Galuh Sahid

On Vision

— 24 Apr 2016

Before things started for real, I had troubles making sense of why a vision is necessary. It might sound like a no-brainer — most companies have a fancy “vision” section on their websites, anyway — but I won’t lie that there was a part of me questioning: why is it such a big deal? How is a vision supposed to look like anyway? As naive as it sounds, I was thinking something along “well, as long as things are going well, then everything is going to be fine, right?”

For the first few weeks, things did go well, as in there weren’t any problems. Things were running just fine. We were doing the things that were in our “job description”. We were doing the things that have been done every year before. They were enough. But that was until I realize that fine is not exactly what we want, and not what we should aim for. After all, no innovative companies or products come out from a dream that goes as far as just “fine”. If Google were okay with being fine, they’d stick to their search engine and nothing else. “Fine” is that tourist trap that everyone flocks to that being there no longer feels special anymore. Nowadays, no one cares if you’re doing just fine. Anyone can do “fine”.

Going past that “fine” mark is like going to an unfamiliar territory you know nothing about. Of course it’s scary — we humans crave familiarity and certainty.

So why is it natural for us to get satisfied with being just fine, where we can actually go beyond fine and earn much more? For me, it was the following reasons: first, the unfamiliar territory is of course much farther, which means it’s going to require more efforts than expected in the first place. Second, it’s unknown, which means we should expect going there very prepared and still end up beaten anyway. The idea of experiencing disappointments is something that I’m sure no one was keen of. This territory is the reason why people say, “but that’s impossible”. But it’s also the very same territory that drives people to innovate and create things that eventually are shaping the way we live now.


By the next few weeks, things were going well and we’ve got the best people to work with in terms of number and quality. But that’s that. It really gets me itchy to see we were aiming for fine when we knew, deep down, that we are capable of executing something beyond fine. This even became more palpable when things were up and running at full speed, faster than how my calculation had been in the first place. We’d done a pretty great job at making sure things are running okay: meetings, conversations, notes. I’d feel accomplished when I checked things off my list or manage to put cards on my Trello from “To-do” to “Done”, without even thinking about things beyond “getting stuff done”. Something more abstract, such as “are we going the right way? Are we getting closer to our destination, or are we on the wrong path? Do we know where our destination is? What is our vision again?”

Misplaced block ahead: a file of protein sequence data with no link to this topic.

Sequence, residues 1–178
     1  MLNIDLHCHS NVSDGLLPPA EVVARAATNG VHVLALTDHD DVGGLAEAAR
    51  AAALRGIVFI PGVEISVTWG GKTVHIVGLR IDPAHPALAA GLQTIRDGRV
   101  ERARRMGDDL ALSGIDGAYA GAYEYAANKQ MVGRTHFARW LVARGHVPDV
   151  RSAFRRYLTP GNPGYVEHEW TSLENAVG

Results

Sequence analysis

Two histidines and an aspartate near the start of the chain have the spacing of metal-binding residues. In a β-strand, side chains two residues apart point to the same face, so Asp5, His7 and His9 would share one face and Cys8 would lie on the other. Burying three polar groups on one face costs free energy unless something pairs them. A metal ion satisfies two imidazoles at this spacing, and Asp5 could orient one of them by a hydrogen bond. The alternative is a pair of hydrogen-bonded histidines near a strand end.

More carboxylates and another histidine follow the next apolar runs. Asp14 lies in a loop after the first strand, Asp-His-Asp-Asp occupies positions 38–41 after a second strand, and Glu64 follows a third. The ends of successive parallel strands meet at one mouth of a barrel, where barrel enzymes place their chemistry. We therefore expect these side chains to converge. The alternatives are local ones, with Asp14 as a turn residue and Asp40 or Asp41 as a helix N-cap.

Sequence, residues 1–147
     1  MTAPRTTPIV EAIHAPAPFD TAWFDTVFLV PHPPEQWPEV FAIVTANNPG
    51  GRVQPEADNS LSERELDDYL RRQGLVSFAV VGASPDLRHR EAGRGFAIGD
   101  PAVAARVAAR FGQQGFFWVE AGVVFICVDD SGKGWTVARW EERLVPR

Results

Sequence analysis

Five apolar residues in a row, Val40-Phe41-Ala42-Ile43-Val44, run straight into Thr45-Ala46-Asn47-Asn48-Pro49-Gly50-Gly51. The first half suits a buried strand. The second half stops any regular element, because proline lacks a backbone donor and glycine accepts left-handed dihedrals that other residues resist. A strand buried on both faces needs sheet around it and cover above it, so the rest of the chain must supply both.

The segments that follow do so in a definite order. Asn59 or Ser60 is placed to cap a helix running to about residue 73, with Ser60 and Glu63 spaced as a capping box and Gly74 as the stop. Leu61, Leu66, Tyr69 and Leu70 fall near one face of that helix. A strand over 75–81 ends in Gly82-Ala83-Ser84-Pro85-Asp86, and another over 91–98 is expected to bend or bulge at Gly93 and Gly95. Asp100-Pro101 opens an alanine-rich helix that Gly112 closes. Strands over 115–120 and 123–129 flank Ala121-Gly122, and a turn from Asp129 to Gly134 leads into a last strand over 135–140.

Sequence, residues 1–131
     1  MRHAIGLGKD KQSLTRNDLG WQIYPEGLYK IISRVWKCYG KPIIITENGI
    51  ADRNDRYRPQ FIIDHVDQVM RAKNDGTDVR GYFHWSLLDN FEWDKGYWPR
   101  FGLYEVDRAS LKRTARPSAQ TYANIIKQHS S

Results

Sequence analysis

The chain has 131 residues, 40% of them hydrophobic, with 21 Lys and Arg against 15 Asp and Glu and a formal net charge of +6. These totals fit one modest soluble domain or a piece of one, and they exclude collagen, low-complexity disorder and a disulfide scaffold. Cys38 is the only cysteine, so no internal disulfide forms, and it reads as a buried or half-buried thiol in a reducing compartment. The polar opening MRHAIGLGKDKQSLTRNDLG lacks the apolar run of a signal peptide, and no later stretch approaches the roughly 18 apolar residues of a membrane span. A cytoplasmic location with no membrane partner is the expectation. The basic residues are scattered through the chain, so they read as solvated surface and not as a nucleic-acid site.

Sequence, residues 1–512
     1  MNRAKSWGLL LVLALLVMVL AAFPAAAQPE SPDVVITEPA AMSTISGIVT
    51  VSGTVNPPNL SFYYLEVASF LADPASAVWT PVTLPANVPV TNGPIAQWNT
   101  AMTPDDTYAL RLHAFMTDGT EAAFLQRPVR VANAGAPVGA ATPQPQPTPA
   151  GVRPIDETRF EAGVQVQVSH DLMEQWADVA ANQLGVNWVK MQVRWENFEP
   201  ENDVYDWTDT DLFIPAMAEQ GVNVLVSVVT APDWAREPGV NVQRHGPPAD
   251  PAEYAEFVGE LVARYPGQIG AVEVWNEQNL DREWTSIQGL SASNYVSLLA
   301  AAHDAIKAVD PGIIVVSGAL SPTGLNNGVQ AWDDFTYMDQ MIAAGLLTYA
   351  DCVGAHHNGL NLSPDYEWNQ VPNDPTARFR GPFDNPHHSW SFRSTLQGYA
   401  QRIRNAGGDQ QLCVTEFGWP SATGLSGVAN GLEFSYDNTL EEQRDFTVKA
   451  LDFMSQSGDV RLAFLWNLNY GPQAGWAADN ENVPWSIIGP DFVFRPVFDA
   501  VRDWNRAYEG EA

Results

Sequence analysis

I spent some time mentally beating myself up for not realizing this earlier. How could you, I said to myself. You should have realized this sooner. And then I calmed down, and I realized that perhaps there are things that you would never know until you experience it yourself. This is one of those things.

The good news is, it’s not too late. There’s still time.

Immediately, I brought this discussion to my team. We reminded ourselves about how many people we have, how good they are, and how much time we have left. We restated our vision, something that we’ve had since the beginning but we lost along the way. We concluded that we got too enveloped in running things that we ended up satisfied with “fine”. We got lost, but we found our way back. This discussion happened a few months ago. Did it change anything?

It did. Something that I’m very aware of is that we’re now getting more comfortable to do express fresh ideas and do things that have never been done before. We have a very clear idea of what we want. We have a vision. Since we have agreed on our vision, it means we have a clear understanding on how it’s going to be like to get there. Our vision is a big one, so it only makes sense that the way to get there isn’t going to be an easy one. And the question “how are we going to get there?” itself doesn’t deserve regular answers. The answers require much thoughts, analysis, and efforts.

And most importantly:

We’re free to experiment, because we know that anytime we find ourselves astray, we’d always find our way back.

Originally posted here.